their 8 hour working day, the case of IP and creative labour operates
in substantially different ways.

Within an informational paradigm, the appropriation of labour power
by capitalists does not result in a product so much as a potential.
This potential takes the "immaterial" form of intellectual property
whose value is largely unquantifiable and is subject to the vagaries
of speculative finance markets, "New Economy" style. Thus, in the
case of government institutions that don't recognise an individual's
IP rights, there is nothing to 'hand over' in the first instance.
That is, the right to a refusal of work is not possible; or put
differently, the creative potential or work, as registered in and
transformed into the juridico-political form of IP, is undermined by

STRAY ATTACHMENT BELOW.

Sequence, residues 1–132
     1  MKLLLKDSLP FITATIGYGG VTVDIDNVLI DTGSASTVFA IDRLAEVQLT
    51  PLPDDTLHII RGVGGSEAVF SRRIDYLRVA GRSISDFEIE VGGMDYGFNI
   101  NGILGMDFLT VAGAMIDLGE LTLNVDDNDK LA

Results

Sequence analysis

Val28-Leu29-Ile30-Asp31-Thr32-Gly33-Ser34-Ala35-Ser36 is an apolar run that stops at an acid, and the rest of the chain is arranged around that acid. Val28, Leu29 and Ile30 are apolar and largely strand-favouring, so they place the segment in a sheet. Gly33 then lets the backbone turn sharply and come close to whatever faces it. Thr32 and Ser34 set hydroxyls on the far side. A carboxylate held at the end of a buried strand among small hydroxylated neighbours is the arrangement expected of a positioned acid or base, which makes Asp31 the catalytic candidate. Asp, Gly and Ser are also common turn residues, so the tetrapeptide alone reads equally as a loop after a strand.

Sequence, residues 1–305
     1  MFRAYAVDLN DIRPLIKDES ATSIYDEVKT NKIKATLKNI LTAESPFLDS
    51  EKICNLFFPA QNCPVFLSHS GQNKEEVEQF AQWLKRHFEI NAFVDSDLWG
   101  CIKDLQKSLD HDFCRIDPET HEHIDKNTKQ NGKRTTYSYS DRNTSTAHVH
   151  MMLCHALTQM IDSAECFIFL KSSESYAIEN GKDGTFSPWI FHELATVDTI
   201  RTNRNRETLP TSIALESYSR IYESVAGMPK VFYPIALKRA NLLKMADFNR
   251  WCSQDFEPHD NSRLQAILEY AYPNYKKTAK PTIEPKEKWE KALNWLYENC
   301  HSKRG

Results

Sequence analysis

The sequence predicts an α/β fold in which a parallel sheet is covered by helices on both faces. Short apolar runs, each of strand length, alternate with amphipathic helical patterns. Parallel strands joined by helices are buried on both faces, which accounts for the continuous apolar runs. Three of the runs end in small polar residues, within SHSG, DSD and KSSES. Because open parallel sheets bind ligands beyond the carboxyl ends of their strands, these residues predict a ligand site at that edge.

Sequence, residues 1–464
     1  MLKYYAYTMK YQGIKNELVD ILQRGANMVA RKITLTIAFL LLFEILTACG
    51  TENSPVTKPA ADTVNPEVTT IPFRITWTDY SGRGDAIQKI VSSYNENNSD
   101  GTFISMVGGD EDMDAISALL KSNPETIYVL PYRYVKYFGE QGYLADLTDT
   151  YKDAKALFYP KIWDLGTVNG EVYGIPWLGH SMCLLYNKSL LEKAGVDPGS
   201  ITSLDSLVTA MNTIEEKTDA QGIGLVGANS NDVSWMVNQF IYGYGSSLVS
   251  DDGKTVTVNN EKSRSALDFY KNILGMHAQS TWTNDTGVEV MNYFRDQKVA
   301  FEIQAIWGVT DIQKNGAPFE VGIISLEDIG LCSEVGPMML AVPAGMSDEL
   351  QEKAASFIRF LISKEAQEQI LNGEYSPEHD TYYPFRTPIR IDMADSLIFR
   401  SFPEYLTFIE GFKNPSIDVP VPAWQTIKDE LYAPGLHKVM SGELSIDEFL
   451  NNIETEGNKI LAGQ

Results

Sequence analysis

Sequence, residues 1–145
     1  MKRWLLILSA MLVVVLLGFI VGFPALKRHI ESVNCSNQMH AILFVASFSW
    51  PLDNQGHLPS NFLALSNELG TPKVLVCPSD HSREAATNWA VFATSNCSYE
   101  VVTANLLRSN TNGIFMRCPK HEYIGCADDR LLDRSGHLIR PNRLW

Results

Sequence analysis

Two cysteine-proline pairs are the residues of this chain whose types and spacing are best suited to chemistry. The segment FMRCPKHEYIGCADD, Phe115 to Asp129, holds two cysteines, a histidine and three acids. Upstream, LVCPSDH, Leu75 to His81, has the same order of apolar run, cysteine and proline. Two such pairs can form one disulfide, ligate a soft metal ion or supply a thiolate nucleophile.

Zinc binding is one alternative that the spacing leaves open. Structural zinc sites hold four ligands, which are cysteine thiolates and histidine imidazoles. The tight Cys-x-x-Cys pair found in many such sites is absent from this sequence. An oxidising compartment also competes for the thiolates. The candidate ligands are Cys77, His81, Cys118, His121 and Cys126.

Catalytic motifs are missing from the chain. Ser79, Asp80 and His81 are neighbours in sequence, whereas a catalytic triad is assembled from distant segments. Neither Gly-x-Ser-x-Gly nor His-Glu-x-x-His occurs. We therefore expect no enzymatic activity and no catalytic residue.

the fact that such a social relation -- the hegemonic form of
legitimacy -- is not recognised. As noted by another respondent: 'I
don't think you "lose" a contract for refusing to sign IP over ...
it's more like you never had it in the first place if you do work for
hire'. Instead, one does not so much refuse to work as decline to
provide a service, whose economic value as wage labour -- that is,
labour separated from its product (Marx in Harvey, 1990:104) -- bears
no relationship to the potential economic value generated by the
exploitation of IP. In effect, then, "creativity" goes right under
the radar. Prostitution functions in a similar manner. One does not
buy "love" from the prostitute, one acquires a "service" in the form
of an orgasm, or "little death", with no value in and of itself. The
prostitute's love does not figure in the relationship; love is off
the radar. Like intellectual property, the expression of the orgasm
in a given form -- sperm, for the male who appropriates the labour
power of the prostitute -- nevertheless holds the potential to
translate into economic, social, political and biological values if
its eruption is arranged under different conditions -- the normative